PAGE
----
The HMS Endeavour was a British Royal Navy research vessel that Lieutenant James Cook commanded to Australia and New Zealand waters on his first voyage of discovery on 1768-1771.

The ship was launched in 1764 as the collier 'Earl of Pembroke', but the navy purchased her in 1768 for a scientific mission to the Pacific. In September 1769, she became the first European vessel to reach the Pacific islands of Huahine, Borabora, and Raiatea, off new Zealand, since Abel Tasman's Heemskerck 127 years earlier. In April 1770, Endeavour became the first ship to reach the east coast of Australia, when Cook went ashore at Botany Bay.

However, the ship was largely forgotten after her epic voyage and spent the next three years sailing to and from the Falkland Islands. She was sold into private hands in 1775 and later renamed as 'Lord Sandwich', hired as a British troop transport during the American War of Independence and was scuttled in a blockade of Narragansett Bay, Rhode Island in 1778.

Archaeologists have been searching for the wreck for over 25 years. The ship was sunk along with other 12 vessels and researchers have been struggling to determine which of the wreck site might be Endeavour.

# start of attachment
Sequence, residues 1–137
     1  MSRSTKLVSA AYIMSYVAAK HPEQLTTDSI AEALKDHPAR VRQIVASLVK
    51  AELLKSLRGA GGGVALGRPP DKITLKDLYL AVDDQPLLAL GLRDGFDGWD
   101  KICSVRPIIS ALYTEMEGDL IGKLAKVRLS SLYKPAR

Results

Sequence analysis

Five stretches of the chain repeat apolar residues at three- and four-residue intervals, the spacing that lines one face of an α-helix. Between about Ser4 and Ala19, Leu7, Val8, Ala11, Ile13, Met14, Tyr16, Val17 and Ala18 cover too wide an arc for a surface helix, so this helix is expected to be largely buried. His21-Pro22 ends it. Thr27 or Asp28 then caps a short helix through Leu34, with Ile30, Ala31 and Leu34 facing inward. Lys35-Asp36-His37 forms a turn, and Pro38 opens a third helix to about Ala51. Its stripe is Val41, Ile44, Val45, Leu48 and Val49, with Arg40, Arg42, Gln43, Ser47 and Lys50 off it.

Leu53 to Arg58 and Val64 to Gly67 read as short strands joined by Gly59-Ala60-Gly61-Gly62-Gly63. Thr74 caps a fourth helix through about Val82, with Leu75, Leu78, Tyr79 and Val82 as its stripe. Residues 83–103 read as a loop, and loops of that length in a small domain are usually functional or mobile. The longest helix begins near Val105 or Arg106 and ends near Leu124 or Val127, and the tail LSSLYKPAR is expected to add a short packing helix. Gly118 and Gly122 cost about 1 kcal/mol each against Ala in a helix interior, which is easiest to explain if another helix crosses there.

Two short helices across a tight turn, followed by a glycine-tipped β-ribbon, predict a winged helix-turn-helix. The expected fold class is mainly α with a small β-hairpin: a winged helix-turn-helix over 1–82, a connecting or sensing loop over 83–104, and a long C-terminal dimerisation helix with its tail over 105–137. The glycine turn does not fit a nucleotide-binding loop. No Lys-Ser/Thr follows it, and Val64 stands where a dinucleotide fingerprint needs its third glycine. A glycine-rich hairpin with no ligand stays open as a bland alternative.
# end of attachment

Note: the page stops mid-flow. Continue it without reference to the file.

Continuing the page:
It is now believed that the ship is resting in Newport Harbour, off Rhode Island on the northeast coast of the US, so the search has been limited in waters off the Goat Island shore near Gurneys Resort.

The historical legacy of the discovery is of great significance for Australia, New Zealand, US and UK, which may create a diplomatic conflict as of which country is to keep the ship's remains, should her location be confirmed, according to CNN.

The British colonization in Australia as a result from the ship's landing resulted in disaster for indigenous peoples, with the population suffering from the introduction of new diseases and ethnic cleansing by white settlers.

On Friday afternoon, the research team is expected to publish results and 3D photogrammetric imagery of the site, while RIMAP hopes that the vessel might be excavated in 2019, exactly 250 years after Capt. Cook reached Botany Bay.